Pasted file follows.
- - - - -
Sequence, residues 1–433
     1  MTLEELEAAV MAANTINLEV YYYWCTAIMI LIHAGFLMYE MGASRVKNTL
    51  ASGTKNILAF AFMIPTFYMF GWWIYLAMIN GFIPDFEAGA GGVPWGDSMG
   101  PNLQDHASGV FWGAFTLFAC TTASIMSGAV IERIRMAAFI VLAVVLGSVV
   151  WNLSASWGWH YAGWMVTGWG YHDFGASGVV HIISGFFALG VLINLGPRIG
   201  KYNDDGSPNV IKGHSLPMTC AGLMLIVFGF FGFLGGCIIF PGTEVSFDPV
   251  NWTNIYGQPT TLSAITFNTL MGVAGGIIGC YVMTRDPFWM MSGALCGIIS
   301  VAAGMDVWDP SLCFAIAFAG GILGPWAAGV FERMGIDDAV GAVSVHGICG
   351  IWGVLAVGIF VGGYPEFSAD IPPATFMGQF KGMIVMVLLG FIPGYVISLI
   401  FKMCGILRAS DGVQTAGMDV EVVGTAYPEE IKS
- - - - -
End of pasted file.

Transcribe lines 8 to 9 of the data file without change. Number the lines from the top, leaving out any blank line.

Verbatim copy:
   301  VAAGMDVWDP SLCFAIAFAG GILGPWAAGV FERMGIDDAV GAVSVHGICG
   351  IWGVLAVGIF VGGYPEFSAD IPPATFMGQF KGMIVMVLLG FIPGYVISLI